Is the energy price cap a rip-off?

It’s been just over a year since the government first floated the idea that it was to implement a price cap on what the Prime Minister called “rip-off energy prices” – the idea being that a price cap on standard variable rate tariffs would put an end to runaway price increases have seen energy bills rising well above the rate of inflation.

The energy price cap was subsequently set at £1,137 a year by Ofgem, the energy regulator, and came into effect on January 1st this year, saving households an average of £76 a year – so far, so good.

There's no price cap on business energy. Compare deals to find cheaper prices than your supplier's out of contract rates.

But, just a month after it was implemented, Ofgem has announced the price cap will go up by £117 in April - an increase of around 10%. This means that instead of paying £1,137 a year, households using a typical amount of energy and paying the bill by direct debit, should now expect to pay £1,254 a year.

Far from ending those “rip-off energy prices”, it looks like the cap could potentially be making things worse for most energy customers, particularly those who are in the habit of switching suppliers to get the best rates.

So, is the energy price cap a rip-off?

What’s the latest on the energy price cap?

It was widely thought that Ofgem would announce an energy price cap increase of around £100 - it actually increased it by closer to £118 for the average household that pays its energy bills by direct debit.

Although the timing of the announcement is far from ideal – coming just a month after the cap was implemented - the price cap increase won’t actually take effect until April, and Ofgem stated from the outset that: “The price cap level will be updated in April and October every year to reflect the latest estimated costs of supplying electricity and gas, including wholesale energy costs.”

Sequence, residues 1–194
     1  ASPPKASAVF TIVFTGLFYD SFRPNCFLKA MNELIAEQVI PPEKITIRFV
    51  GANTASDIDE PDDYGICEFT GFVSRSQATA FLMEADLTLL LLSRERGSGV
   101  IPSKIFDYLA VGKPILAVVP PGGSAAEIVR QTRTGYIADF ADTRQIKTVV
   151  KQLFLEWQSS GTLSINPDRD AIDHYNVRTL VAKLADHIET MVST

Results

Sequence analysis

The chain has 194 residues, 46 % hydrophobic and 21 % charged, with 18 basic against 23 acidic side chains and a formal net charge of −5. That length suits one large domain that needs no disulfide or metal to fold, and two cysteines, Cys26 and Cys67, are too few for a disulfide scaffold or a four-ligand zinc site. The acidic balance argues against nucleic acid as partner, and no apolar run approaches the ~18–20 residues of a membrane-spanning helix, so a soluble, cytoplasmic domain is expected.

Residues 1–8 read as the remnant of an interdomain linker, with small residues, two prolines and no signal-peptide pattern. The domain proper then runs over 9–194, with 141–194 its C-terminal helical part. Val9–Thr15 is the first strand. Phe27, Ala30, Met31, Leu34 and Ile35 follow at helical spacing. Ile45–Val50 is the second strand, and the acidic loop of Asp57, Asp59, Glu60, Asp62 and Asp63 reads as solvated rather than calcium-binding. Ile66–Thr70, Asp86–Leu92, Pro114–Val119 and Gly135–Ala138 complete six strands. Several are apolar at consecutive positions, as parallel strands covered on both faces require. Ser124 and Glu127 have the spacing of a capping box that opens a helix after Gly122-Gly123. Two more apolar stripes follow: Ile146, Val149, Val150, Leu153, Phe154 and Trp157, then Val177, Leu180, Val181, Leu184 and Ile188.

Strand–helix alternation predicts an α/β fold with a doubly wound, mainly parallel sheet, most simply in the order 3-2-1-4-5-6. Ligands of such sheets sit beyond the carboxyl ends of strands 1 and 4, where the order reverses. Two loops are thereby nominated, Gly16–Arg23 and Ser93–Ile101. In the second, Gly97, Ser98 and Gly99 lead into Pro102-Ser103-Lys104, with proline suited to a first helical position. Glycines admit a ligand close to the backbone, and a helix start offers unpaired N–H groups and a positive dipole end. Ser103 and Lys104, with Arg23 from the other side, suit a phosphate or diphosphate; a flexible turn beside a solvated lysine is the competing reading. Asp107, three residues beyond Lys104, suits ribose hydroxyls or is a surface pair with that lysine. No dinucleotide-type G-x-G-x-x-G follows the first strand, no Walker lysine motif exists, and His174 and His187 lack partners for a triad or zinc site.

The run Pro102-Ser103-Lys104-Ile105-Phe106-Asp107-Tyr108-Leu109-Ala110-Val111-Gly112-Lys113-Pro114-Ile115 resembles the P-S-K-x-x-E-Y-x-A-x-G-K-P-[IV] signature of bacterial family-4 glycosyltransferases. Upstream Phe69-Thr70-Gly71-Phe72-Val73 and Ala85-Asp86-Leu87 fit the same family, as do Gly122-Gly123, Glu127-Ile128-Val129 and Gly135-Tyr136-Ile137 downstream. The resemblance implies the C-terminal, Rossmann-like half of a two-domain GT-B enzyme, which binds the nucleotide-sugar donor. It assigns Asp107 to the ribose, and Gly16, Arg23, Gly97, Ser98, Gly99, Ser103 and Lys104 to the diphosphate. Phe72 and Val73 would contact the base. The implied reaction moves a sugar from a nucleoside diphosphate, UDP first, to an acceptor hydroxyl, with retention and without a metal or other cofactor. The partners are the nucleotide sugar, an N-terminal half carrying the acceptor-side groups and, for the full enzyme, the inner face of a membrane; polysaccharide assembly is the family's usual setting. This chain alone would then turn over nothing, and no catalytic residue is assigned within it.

This is obviously bad news for households on standard variable rate tariffs, as they will see their bills increase once more, and may see them increase again in October. On the flip side, they could also see their bills drop, should the cap be lowered in the next review – that’s the chance you take with a variable rate tariff.

But this news only serves to reinforce that the only way to make real savings on your energy bills is to compare energy tariffs from a range of suppliers and switch to a better deal. The bad news is, the price cap is also eroding the savings that can be made by switching.

How the price cap is ripping off energy switchers

Only a cynic would argue that the price cap was launched with anything but the best of intentions – that is, to help those households struggling to pay rising energy bills, while also reigning in a market that seemed to be spiralling out of control.

But, from the outset, critics of the plan warned that it could have an adverse effect that would see energy companies fixing prices around the level of the price cap. This would not only mean there would be fewer cheap tariffs available, but it could also push even more small suppliers out of business, leading to an increasingly less competitive energy market.